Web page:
For some, her proposal with, at its heart, the need to get rid of the business-oriented, privileged functional constituencies, did not go far enough;  while, at the other end of the political spectrum, the business community rejected her view of the way forward.  The abolition of functional constituencies without a system to replace them would unacceptably alter the political structure as prescribed by the Basic Law, proclaimed the non-Chinese president of the Business and Professional Federation (a former colleague of Anson’s).

            The following day, an official of the Hong Kong and Macau Affairs Office ticked off pan-democrats for assuming they were ‘heroes of democracy’ when Beijing had already endorsed universal suffrage for the city more than 20 years previously.

            On 13 March, the headline in the South China Morning Post (SCMP) declared ‘Hong Kong International Role Boosted:  Beijing signals city has won duel with Shanghai analysts say’. And the same day a National People’s Congress leader issued a stern warning to the people of Hong Kong to stop ‘messing around’ with politics and focus on economic development.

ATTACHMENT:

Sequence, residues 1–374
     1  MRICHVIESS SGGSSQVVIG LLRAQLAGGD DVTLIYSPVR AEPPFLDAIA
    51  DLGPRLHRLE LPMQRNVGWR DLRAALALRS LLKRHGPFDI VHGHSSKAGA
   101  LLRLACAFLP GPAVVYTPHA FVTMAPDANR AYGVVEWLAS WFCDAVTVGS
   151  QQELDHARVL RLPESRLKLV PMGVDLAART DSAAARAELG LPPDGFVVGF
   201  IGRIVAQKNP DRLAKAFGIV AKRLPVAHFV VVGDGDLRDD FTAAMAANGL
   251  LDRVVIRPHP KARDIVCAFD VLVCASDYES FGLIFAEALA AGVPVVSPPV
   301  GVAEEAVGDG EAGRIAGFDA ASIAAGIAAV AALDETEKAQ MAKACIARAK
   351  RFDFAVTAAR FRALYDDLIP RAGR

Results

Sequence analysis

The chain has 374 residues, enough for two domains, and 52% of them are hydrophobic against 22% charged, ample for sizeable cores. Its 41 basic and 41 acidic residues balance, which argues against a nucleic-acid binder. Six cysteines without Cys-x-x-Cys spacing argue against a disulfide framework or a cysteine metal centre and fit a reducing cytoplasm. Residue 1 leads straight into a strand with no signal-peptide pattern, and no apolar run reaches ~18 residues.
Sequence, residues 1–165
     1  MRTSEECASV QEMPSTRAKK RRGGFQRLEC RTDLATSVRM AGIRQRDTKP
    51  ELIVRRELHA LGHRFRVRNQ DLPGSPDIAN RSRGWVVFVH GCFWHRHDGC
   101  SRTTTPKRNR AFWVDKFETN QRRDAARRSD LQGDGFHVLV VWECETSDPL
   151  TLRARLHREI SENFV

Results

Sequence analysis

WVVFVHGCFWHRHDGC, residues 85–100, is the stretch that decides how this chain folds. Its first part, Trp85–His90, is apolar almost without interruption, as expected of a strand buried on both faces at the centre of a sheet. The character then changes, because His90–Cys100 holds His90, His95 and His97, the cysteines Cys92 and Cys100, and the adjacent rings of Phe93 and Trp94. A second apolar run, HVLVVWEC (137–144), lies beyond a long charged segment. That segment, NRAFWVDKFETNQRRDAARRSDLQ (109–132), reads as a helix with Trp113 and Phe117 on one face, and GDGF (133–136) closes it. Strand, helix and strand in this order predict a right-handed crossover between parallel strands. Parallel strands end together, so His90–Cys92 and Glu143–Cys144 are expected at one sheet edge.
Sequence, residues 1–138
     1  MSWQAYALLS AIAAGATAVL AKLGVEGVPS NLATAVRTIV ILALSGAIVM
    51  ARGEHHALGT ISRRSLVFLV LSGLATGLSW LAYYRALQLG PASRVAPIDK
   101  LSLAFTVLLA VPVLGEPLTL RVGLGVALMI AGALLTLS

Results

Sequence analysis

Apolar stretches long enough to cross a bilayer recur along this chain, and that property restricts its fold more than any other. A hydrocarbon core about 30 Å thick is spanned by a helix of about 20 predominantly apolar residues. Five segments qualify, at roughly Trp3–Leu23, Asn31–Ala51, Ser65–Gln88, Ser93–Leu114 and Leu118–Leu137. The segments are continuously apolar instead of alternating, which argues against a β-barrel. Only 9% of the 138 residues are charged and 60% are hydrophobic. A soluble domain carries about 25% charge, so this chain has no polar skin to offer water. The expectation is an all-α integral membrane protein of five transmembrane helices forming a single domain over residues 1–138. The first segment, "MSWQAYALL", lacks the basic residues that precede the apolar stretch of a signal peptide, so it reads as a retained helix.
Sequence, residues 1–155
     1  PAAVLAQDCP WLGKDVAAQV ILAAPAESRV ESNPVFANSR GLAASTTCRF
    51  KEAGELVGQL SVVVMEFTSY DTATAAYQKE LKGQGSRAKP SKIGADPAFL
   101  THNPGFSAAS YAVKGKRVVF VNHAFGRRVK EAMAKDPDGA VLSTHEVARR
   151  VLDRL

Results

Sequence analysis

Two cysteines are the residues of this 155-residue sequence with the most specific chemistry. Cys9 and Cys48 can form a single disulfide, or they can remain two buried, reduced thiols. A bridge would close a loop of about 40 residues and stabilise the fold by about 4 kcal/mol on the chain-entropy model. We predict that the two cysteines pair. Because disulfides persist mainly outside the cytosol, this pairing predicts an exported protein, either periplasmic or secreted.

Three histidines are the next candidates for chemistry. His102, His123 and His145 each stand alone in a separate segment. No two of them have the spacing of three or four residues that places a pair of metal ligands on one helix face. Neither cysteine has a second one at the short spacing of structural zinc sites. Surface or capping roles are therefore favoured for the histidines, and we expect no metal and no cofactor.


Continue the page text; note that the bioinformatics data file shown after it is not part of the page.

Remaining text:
Meanwhile, Regina Ip, who resigned over the National Security imbroglio of 2003, and took time off to do a master’s degree in political science in the United States, had, as I just managed earlier to record, arrived back in July 2006 and secured airspace for the central tenet of her thesis on Hong Kong governance and democracy. She was greeted as the second of Hong Kong’s ‘Iron Ladies’ - Anson Chan being the first. (Traditionally these top public servants were among those known as ‘The Handbag Brigade’. If these sobriquets were intended to put them down, they seem to have been singularly unsuccessful;  and another of them, Fanny Law, is now ‘Lady Commissioner’ of the Independent Commission Against Corruption (ICAC)).  Regina Ip then became founder and Chair of yet another independent think tank – Savantas – backed by Hong Kong people who, like her, had spent time abroad.